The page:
Speaking Notes - Notes for an Address by The Honourable Diane Finley, P.C., M.P. Standing Committee on Citizenship and Immigration “Main Estimates and Loss of Citizenship”

Ottawa, Ontario, May 29, 2007

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Thank you, Mr. Chair, Honourable Members.

I have the honour of placing before the Committee my department’s Main Estimates for fiscal year 2007-2008, for which I seek the Committee’s approval.

I propose to cover only some of the major items in my remarks, and address any areas of particular interest to the Committee in the time allotted for questions.

Main Estimates

Overall, the Committee will note a decrease of $58.3 million in the Department’s operating expenditures.

This is due largely to the end of special, temporary funding during the last fiscal year to address short-term pressures — in particular a backlog in the processing of grants and proofs of citizenship.

This special funding helped to bring that backlog in citizenship grants and proofs down to a more manageable size.

During the 2004-2005 fiscal year, the number of applications for citizenship grants stood at nearly 175,000. Mr. Chair, I’m happy to report that as of March 2007, the number of applications has been reduced to fewer than 27,000. This is an 85 percent reduction from the 2004-2005 inventory.

We achieved another significant reduction in the number of applications for proof of citizenship. In March of this year, the inventory stood at 17,500. Just over a year ago, this number was 22,000.

Under Vote 5, Grants and Contributions, there is an increase of $20.5 million.

The major items here are a reduction of $114.6 million because of the transfer of the Toronto Waterfront Revitalization Initiative to Treasury Board Secretariat, and an overall increase of $135.1 million for immigration settlement programs.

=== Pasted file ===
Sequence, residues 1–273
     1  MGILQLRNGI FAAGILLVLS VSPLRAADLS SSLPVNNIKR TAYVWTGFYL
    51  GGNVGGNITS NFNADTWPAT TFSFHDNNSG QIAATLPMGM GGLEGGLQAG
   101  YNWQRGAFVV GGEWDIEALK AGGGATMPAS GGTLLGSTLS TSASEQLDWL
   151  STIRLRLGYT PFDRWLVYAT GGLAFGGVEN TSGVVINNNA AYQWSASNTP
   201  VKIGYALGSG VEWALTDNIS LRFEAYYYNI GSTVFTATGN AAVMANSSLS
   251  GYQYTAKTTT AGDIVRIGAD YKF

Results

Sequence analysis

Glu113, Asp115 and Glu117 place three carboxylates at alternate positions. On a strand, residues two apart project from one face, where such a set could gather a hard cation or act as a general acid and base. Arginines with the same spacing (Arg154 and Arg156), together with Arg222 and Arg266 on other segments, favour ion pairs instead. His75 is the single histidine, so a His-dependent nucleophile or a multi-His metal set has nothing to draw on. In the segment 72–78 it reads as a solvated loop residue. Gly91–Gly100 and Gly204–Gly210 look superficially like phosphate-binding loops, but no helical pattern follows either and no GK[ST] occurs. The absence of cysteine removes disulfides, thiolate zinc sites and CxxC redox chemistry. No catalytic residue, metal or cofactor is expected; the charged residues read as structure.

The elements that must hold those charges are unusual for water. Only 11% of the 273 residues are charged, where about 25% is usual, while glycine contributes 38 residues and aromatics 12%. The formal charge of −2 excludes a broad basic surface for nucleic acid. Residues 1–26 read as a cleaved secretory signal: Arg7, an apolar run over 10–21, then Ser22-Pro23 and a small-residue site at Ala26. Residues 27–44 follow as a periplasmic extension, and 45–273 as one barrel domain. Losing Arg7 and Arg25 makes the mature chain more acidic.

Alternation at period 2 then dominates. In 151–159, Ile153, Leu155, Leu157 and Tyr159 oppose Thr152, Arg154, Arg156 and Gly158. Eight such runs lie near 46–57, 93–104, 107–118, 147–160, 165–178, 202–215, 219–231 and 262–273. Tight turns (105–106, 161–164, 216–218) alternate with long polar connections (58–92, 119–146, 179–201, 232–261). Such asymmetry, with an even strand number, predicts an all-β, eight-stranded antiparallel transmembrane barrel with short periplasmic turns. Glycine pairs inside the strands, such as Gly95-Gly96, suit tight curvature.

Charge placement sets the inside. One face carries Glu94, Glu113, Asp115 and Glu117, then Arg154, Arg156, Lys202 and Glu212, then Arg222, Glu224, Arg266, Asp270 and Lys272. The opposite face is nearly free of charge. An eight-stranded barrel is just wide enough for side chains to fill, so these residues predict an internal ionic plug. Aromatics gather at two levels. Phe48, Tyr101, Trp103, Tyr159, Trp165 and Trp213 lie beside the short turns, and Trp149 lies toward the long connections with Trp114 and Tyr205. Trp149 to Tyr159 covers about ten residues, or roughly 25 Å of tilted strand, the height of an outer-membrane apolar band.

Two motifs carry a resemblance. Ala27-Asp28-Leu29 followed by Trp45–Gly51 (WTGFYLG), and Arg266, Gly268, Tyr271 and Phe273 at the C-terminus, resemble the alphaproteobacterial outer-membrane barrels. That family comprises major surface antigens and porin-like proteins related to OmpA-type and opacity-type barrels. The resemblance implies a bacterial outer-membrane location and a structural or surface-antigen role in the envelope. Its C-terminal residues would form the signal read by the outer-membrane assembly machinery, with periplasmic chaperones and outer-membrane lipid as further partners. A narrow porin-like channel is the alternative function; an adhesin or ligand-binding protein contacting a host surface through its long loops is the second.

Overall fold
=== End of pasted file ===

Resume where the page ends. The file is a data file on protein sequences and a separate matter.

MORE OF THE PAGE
In the 2006 Budget, we increased settlement funding by $307 million over two years. Settlement funding had remained at the same level for several years prior to this increase.

That means more support for language training, more support to help newcomers find a job, and more family support for those building a new life in Canada.

This is an unprecedented increase — one that our government is very proud of.

These are just a few of the major items. I understand that the Committee may wish clarification or explanation of any of the many other items in the Estimates. My officials and I would be happy to respond to any questions the committee may have in this regard.

“Lost Canadians” — Proposal

As the Committee is aware, we continue to work to resolve the question of so-called “lost Canadians.”

When I made my first appearance before this Committee in February of this year, I outlined for the members the steps my Department has been taking to address this challenge.

In fact, I would like to state for the record my appreciation for the efforts that my Department has been making under sometimes difficult circumstances to ensure that every single person whose citizenship is in question is treated with the utmost respect.

Despite widespread media coverage and 400,000 visits to our web site for information on citizenship, the number of cases of individuals in Canada whose citizenship status needs to be resolved is still limited. When I was last here, I mentioned there were about 450 such cases. As of May 24, that number was down to 285.

Recognizing the need to further inform the public, I have instructed my officials to increase their efforts to raise awareness of this important issue.

To this effect, we have launched a public information campaign directed at those who may have lost, or are at risk of losing, their citizenship, or wish to regain it. This campaign includes advertisements in major daily and regional newspapers.

These public notices include where and how to contact the department for help in any lost citizenship issues.

Since January 2007, we have received more than 45,000 calls at our call centre. Of these, about 2,100 — or around four percent — have been about citizenship. Mr. Chair, just over 2,000 of those callers have had their Canadian citizenship confirmed.

Similarly, in July, the first round of renewals for Permanent Resident cards will come due. In anticipation, we have already begun a public awareness campaign aimed at Permanent Residents, reminding them that these cards need to be renewed every five years for those traveling outside the country.

Like you, I have heard the stories, many of which have been told in touching detail before this Committee. I have seen the thoughtful proposals from witnesses who have offered their suggestions for resolving this situation.